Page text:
The Mazlow Revised Hierarchy

Maslow’s Hierarchy of Needs provides a framework for understanding human needs. While it is extraordinarily useful, it has come under much criticism. For example, some have suggested that there is a lack of hierarchical structure to human needs.

In this blog and the next, we will discuss a spiritual revision to Maslow’s Hierarchy. Our Hierarchy – called the Mazlow Revised Hierarchy of Needs – looks at human needs from the perspective of consciousness. We suggest that there are stages of emotional development, culminating in an ultimate state of being – oneness. In this first installment, we examine the lower four planes of our revised hierarchy.


The stage of separation – in this state, one is unaware of the needs of others

At the bottom of our revised hierarchy is the separation stage. This is actually a state of complete unconsciousness, with the ability to begin the process of self-actualizing.  In this state, one is unaware of the existence and needs of others. It is the darkest state, but fortunately, there is always the possibility of moving forward (one is never truly lost).

Although most people are rarely ever completely in this stage, we all to some extent reside in it. As humans, we have evolved to be self-interested – it was necessary for survival in our evolutionary past. Taken to an extreme, we may think that we are the only ones who matter.

When we recognize that our needs, while important, are not the only ones, we may begin to move out of this stage. The next state in our hierarchy is the survival stage, which we will discuss next. 


In survival consciousness, conflict is the norm

The next rung in the hierarchy is the survival stage. In this state, one is aware of others, but views them as threats.  Resources are seen to be scarce, and life is a battle to ensure one’s survival. There is a constant fight for access to land, water, food, etc.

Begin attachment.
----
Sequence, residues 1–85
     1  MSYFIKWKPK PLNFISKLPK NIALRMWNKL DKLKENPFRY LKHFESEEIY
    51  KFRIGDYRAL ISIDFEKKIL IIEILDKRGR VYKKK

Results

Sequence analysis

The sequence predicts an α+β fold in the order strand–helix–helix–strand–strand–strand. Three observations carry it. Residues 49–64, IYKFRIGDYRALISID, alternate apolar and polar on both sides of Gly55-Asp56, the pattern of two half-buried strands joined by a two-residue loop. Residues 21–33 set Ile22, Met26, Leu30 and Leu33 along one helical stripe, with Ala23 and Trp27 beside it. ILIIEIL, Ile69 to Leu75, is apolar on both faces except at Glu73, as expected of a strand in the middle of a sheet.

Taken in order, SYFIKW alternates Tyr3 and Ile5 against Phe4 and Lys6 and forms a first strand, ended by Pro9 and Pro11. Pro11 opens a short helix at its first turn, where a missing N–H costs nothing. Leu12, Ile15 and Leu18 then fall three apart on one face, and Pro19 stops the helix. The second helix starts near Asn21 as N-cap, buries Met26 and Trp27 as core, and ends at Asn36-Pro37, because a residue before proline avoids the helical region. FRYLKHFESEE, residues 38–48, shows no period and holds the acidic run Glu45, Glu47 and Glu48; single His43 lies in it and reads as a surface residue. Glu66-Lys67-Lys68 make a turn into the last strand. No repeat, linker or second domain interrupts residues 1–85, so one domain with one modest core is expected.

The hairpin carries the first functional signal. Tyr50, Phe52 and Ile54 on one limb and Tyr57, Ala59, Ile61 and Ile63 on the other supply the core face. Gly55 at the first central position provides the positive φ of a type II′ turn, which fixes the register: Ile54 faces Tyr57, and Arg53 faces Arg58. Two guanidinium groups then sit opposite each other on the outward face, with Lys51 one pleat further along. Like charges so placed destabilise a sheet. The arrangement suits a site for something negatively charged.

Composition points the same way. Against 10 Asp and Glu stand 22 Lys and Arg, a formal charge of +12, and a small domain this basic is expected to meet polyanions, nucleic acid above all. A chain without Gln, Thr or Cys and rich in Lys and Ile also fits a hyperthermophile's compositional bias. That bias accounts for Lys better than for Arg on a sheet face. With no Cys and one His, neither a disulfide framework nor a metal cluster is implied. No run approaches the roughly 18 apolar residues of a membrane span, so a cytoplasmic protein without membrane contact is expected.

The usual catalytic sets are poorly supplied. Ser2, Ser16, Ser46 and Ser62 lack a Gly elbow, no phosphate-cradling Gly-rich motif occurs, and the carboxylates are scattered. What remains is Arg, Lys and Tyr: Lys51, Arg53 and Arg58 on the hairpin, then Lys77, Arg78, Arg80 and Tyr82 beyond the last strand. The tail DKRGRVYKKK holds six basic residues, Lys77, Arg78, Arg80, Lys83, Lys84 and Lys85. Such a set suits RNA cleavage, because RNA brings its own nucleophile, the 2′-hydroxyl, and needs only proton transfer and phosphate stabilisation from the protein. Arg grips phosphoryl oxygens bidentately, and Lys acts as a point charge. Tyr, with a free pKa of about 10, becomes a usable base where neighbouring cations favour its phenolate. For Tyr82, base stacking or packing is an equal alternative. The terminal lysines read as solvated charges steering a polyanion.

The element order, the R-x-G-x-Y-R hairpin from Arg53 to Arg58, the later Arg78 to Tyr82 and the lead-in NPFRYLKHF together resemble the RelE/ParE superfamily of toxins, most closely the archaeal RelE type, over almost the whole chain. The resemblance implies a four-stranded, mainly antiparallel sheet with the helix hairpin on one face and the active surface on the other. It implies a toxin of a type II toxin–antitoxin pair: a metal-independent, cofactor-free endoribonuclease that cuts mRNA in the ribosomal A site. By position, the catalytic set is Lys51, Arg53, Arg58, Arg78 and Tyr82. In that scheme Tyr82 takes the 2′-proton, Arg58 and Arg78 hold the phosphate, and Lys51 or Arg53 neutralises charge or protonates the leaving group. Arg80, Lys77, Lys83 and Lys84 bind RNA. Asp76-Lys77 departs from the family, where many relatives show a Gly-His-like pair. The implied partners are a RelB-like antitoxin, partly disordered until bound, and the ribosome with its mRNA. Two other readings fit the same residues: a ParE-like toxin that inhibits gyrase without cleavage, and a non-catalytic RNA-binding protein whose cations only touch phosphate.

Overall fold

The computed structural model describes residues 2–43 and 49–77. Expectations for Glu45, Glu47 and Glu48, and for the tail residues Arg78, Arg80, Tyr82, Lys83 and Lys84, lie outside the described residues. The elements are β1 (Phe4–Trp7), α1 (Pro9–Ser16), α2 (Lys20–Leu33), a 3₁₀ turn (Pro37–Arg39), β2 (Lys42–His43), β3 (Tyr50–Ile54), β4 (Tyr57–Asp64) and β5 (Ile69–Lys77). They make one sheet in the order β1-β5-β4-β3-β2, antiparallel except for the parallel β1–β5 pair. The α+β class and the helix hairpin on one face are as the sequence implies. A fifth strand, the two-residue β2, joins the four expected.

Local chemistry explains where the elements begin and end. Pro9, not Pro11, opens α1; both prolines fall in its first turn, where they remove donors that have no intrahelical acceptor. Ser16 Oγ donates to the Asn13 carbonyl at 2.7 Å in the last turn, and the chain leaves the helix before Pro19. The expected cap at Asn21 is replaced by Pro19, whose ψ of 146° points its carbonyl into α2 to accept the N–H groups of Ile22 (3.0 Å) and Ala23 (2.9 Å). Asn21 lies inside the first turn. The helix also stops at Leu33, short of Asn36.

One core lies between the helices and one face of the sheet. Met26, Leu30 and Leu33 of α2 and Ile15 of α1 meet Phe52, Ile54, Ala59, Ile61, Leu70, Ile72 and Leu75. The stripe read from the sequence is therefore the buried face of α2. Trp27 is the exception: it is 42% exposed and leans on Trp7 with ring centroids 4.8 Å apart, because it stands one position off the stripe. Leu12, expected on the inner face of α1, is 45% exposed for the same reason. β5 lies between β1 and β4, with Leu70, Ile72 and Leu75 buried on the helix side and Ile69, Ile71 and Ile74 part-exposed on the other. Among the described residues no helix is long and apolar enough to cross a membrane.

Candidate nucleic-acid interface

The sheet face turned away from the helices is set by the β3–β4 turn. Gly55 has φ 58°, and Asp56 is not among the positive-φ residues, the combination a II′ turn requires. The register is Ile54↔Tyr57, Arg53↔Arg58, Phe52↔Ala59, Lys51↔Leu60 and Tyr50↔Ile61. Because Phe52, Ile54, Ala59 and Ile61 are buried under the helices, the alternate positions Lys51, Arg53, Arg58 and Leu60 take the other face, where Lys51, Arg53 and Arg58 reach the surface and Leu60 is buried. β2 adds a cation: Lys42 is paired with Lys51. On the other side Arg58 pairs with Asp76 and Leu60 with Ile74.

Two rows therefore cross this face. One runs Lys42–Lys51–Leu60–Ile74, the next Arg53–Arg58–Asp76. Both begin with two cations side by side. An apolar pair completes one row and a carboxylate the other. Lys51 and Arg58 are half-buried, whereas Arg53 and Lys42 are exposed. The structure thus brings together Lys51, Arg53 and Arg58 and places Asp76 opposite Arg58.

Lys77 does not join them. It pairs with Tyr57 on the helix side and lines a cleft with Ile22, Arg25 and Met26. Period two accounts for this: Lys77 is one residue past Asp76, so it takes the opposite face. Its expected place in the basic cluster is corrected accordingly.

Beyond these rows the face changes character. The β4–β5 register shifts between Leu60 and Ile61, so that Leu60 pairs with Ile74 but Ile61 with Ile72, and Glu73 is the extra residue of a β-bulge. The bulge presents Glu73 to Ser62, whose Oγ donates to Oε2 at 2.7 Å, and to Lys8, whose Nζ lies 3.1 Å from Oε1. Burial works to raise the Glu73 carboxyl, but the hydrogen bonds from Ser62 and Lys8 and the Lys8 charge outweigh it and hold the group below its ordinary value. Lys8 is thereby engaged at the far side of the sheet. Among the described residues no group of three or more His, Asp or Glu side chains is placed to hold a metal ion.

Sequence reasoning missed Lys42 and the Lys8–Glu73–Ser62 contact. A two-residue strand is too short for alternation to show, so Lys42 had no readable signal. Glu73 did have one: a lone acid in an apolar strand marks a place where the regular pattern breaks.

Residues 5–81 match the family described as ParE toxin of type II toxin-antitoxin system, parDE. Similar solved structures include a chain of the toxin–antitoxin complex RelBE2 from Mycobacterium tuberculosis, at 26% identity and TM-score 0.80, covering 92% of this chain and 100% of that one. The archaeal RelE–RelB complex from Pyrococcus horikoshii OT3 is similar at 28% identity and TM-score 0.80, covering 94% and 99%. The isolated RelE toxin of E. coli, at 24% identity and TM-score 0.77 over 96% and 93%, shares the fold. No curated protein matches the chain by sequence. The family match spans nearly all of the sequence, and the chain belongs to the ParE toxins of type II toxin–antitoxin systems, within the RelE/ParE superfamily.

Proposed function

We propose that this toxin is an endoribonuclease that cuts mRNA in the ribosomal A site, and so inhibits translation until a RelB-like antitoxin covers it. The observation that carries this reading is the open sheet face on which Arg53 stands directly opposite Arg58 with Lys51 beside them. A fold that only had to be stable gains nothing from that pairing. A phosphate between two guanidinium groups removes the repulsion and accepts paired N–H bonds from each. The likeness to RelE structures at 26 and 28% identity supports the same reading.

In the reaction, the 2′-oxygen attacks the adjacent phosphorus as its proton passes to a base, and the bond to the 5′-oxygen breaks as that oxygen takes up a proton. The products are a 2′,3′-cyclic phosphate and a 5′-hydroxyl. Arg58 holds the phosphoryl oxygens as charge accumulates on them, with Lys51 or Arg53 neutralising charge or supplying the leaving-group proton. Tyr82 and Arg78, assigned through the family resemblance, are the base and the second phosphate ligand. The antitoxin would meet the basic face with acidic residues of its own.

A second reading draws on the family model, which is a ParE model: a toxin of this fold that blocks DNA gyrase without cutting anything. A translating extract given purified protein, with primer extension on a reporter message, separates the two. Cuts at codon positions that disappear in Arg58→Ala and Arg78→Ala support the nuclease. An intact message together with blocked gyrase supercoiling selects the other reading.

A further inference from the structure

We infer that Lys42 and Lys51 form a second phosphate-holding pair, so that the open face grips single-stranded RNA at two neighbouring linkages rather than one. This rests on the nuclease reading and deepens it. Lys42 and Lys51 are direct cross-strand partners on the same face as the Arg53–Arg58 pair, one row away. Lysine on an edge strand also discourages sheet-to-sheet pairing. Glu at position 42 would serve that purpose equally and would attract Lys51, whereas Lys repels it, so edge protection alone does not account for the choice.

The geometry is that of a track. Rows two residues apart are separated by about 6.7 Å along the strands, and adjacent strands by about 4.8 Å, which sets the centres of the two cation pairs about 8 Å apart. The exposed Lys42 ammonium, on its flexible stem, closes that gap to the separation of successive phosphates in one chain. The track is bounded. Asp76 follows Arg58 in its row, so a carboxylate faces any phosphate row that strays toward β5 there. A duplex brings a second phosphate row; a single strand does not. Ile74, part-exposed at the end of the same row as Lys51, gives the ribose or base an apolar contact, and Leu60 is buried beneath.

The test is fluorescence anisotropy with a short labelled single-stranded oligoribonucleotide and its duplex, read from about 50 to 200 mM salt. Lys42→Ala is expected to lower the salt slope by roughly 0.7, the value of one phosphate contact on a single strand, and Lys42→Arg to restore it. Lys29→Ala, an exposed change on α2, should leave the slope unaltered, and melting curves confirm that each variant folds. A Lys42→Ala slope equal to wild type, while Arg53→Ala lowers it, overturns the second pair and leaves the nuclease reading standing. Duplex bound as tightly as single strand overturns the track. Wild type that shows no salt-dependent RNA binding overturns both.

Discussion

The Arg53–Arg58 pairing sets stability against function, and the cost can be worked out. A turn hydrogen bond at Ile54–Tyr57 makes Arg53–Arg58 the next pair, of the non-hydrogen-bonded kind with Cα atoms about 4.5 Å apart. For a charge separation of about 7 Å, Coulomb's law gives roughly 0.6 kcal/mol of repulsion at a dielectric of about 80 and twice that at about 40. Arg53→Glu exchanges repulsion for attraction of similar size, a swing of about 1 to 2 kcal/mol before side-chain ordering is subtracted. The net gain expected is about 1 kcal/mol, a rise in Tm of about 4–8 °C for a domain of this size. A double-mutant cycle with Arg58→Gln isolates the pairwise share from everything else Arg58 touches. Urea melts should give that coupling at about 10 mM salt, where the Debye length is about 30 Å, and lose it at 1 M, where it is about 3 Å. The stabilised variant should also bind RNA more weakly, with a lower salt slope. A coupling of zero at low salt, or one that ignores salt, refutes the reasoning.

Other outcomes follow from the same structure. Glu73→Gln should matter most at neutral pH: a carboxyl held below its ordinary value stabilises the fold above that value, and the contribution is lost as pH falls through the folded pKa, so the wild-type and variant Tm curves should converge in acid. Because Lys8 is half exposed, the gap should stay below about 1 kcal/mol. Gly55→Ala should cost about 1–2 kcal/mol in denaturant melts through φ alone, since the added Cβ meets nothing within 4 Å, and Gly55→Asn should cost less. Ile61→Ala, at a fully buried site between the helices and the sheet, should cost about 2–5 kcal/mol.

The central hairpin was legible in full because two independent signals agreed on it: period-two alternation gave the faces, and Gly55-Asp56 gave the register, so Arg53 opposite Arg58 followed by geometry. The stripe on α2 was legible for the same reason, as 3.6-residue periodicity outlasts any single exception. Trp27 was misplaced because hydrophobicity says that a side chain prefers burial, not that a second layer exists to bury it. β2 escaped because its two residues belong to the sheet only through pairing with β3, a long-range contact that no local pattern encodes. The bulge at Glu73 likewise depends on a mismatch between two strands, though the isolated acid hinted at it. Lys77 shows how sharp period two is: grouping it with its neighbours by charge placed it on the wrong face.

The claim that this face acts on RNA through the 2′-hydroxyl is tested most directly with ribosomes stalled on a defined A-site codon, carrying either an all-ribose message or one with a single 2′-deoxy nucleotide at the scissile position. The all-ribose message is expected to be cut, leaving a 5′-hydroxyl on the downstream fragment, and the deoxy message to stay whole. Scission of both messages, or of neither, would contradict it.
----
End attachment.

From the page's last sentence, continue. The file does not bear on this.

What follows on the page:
Much of humanity is still in this state. Life for many of us can be quite brutal. Covid-19 has exacerbated economic inequality. According to this article, the pandemic drove an additional 97 million people into extreme poverty in 2020. Understandably, lacking resources can place a huge amount of stress on people in need, which in turn can result in worldwide chaos.

While it is not easy to pinpoint any one particular solution to the problem of limited resources, higher consciousness offers a unique perspective. When we see each other as ourselves – the essence of oneness – we begin to realize that we no longer need to fight with one another for scarce resources. Instead, we can cooperate more fully so that all life on this planet can thrive.


Some identify strongly with their negative emotions, making spiritual progress difficult

The next level is the negative emotional stage. In this stage, one’s actions are driven by the negative emotions one feels, ranging from fear to guilt. Many humans are still stuck in this stage of development, believing that the negative emotions they experience are who they really are, and that these emotions are the Truth. 

While there is much to feel upset and angry about, remaining stuck in this negative emotional stage can prevent one from seeing the bright side to life. A person mired in negative emotions may have a hard time working towards goals, becoming distracted by their negative thoughts and feelings.

Fortunately, it is possible to begin to work on moving out of this state. As always, awareness provides the key to addressing this issue. By recognizing our negative thoughts and feelings, we can understand them. We may then work out a plan of action to address them and create the kind of life that we dream of.


The dark side of building an identity out of one’s race

The next stage is the identity stage. Instead of identifying with one’s negative emotions, in this stage, a person builds an identity out of some characteristic or mission.  For example, a person may build an identity out of his or her race, or association with a particular movement. 

Although this is a very common stage of consciousness, to cling too much to a constructed identity is a barrier to oneness, since reaching oneness requires seeing that we are really spiritual beings having a human experience, so human identity, while valuable, is not our true nature. 

This is not to say that a person should not cling to any kind of identity. As with all stages in our hierarchy, a constructed identity is very much part of the human condition. It may not be possible or advisable to completely eliminate any kind of human attachment. Instead, it is wise to recognize it, realizing that there is far more to one’s being than the narrow roles we construct for ourselves.


We propose a spiritual hierarchy as a complement to Maslow’s original Hierarchy

We have discussed the bottom four levels of our revision to Maslow’s Hierarchy of Needs. In the next installment, we will conclude by looking at the top four levels.


We are the first business using the idea of higher consciousness and oneness to address human needs. We are building a oneness economy and conducting basic needs operations in the Kibera slum in Nairobi, Kenya. You can support our mission of spreading the positive impact of oneness through the purchase of our products below.